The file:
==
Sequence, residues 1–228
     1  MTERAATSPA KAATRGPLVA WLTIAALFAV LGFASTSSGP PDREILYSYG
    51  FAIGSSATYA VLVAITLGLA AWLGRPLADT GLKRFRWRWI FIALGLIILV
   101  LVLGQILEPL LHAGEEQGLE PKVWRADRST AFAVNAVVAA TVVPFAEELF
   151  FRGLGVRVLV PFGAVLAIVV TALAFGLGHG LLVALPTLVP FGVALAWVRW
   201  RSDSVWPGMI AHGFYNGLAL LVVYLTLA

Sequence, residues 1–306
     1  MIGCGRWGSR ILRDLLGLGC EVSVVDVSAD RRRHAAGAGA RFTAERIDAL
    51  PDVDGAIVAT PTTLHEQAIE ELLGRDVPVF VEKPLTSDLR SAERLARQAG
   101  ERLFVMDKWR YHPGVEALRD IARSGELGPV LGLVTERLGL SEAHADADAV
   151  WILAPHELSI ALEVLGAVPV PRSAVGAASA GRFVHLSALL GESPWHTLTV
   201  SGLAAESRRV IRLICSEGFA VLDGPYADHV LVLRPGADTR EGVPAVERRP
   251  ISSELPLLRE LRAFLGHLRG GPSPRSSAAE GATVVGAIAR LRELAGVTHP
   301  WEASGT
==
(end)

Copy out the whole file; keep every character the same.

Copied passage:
Sequence, residues 1–228
     1  MTERAATSPA KAATRGPLVA WLTIAALFAV LGFASTSSGP PDREILYSYG
    51  FAIGSSATYA VLVAITLGLA AWLGRPLADT GLKRFRWRWI FIALGLIILV
   101  LVLGQILEPL LHAGEEQGLE PKVWRADRST AFAVNAVVAA TVVPFAEELF
   151  FRGLGVRVLV PFGAVLAIVV TALAFGLGHG LLVALPTLVP FGVALAWVRW
   201  RSDSVWPGMI AHGFYNGLAL LVVYLTLA

Sequence, residues 1–306
     1  MIGCGRWGSR ILRDLLGLGC EVSVVDVSAD RRRHAAGAGA RFTAERIDAL
    51  PDVDGAIVAT PTTLHEQAIE ELLGRDVPVF VEKPLTSDLR SAERLARQAG
   101  ERLFVMDKWR YHPGVEALRD IARSGELGPV LGLVTERLGL SEAHADADAV
   151  WILAPHELSI ALEVLGAVPV PRSAVGAASA GRFVHLSALL GESPWHTLTV
   201  SGLAAESRRV IRLICSEGFA VLDGPYADHV LVLRPGADTR EGVPAVERRP
   251  ISSELPLLRE LRAFLGHLRG GPSPRSSAAE GATVVGAIAR LRELAGVTHP
   301  WEASGT